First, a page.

Spine Animations

Spine Animations

Tip of the Week

Poor posture can damage the spine and its associated muscles and ligaments. A hunched stance places abnormal stress on muscles and ligaments, causes backache and fatigue, and can even cause the spine to become fixed in an abnormal position.

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What to Do Until You Can Get to SSI

So, you’ve taken the steps and made an appointment with some of the most renowned back specialists in the country to treat your back pain. Whether you plan to visit the Southeastern Spine Institute (SSI) campus for the first time to get an initial evaluation or you’re scheduled for a procedure, you need to do everything you can to keep your back healthy until you get there.

Travel can be difficult on a bad back. Long car rides, bumpy trains or buses and even jarring takeoffs and landings on planes can stir up your back pain and do anything but keep your back healthy. You may have visited in the past or plan on making your first trek to the Charleston, South Carolina campus. Either way, there are steps you can take ahead of your visit to allay some of your pain.

Prescriptive Pain Relief

Talk to your back doctors about medications you can safely take until you get to SSI for treatment. While you certainly don’t want to cause any more harm to your already compromised back, to keep your back healthy as possible, sometimes you need to focus on relaxation.

Common medications used to help you survive a trip and stay relaxed until your spinal doctor takes over include:

  • Nonsteroidal anti-inflammatory drugs (NSAIDs) are over-the-counter medications that relieve minor pain and sometimes work wonders for reducing inflammation. Common NSAIDs include ibuprofen, aspirin and naproxen.
  • Prescription NSAIDS such as COX-2 inhibitors provide much the same relief, but with fewer side effects to your gastrointestinal system. Medications such as Celebrex, however, may cause other complications, such as heart issues.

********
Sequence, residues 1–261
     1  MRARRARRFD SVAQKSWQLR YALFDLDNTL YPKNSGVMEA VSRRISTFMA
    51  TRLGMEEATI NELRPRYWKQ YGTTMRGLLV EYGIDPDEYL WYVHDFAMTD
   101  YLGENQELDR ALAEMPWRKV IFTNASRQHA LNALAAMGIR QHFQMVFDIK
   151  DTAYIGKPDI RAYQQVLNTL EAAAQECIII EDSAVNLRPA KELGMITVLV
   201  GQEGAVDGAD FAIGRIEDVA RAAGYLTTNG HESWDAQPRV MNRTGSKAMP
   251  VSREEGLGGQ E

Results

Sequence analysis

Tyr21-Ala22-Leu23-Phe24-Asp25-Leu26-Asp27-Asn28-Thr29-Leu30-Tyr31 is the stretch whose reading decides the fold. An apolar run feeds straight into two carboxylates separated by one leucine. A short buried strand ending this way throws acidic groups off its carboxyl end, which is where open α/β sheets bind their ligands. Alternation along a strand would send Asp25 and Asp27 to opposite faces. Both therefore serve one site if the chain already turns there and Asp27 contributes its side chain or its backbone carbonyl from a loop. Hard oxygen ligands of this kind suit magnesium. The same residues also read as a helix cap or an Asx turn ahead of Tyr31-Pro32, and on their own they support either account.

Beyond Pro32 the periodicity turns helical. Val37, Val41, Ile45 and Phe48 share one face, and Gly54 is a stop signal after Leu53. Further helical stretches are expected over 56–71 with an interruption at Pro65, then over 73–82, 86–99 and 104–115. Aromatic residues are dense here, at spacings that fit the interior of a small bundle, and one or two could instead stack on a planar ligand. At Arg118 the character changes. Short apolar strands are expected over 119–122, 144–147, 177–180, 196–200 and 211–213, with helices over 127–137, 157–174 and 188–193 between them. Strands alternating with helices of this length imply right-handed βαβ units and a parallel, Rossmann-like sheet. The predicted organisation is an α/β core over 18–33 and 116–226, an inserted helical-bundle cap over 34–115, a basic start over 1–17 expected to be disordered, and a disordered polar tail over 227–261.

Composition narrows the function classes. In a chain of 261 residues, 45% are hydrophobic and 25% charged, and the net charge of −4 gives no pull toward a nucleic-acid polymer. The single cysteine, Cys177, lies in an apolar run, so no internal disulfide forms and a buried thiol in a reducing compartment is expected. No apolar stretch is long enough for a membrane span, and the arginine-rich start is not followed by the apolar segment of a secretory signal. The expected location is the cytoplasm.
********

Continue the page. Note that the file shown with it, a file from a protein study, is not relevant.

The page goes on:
• Muscle relaxers may be especially useful while you travel and while you’re waiting for treatment when your back tightens up. Staying calm and relaxed is ideal to keep your back healthy while you wait.
  • Narcotics might be prescribed if your pain is acute and unbearable. If you do take drugs such as Vicodin, codeine or OxyContin, you need to have someone travel with you to ensure your safety at all times. And you definitely can’t drive while taking narcotics.
  • Anti-depressants sometimes are useful if you have excessive anxiety about an upcoming procedure. They also can be helpful if you have difficulty sleeping.

Travel Tips

Take care to keep your back healthy until your reach SSI. Keep warm compresses nearby, which can help relieve minor pain during a long trip. Try alternating with ice for maximum relief. Other travel tips to keep your back healthy until you arrive for treatment include:

  • Move about on a regular basis. While it may seem counterintuitive, movement is one of the most important treatment options for back pain.
  • If you can’t travel with your own personal masseuse, book a therapeutic massage when you arrive at your hotel. If possible, seek out a licensed massage therapist on your route to SSI or get a thorough massage before you leave.
  • Carry a lumbar pillow (not as bulky as a massage therapist and a lot cheaper). Very few, if any seats in public and private transportation have proper back support built in.
  • Practice proper lifting and carrying techniques. Don’t twist. Bend at the knees. Carry luggage close to your body. And switch sides while carrying shoulder bags.
  • Put your feet up whenever possible to relieve strain on your back.

The team at SSI can relieve you of all your concerns once you arrive. Keep your back healthy while you travel. And when you return home, closely follow all the instructions you’re given. Know that all will soon be well.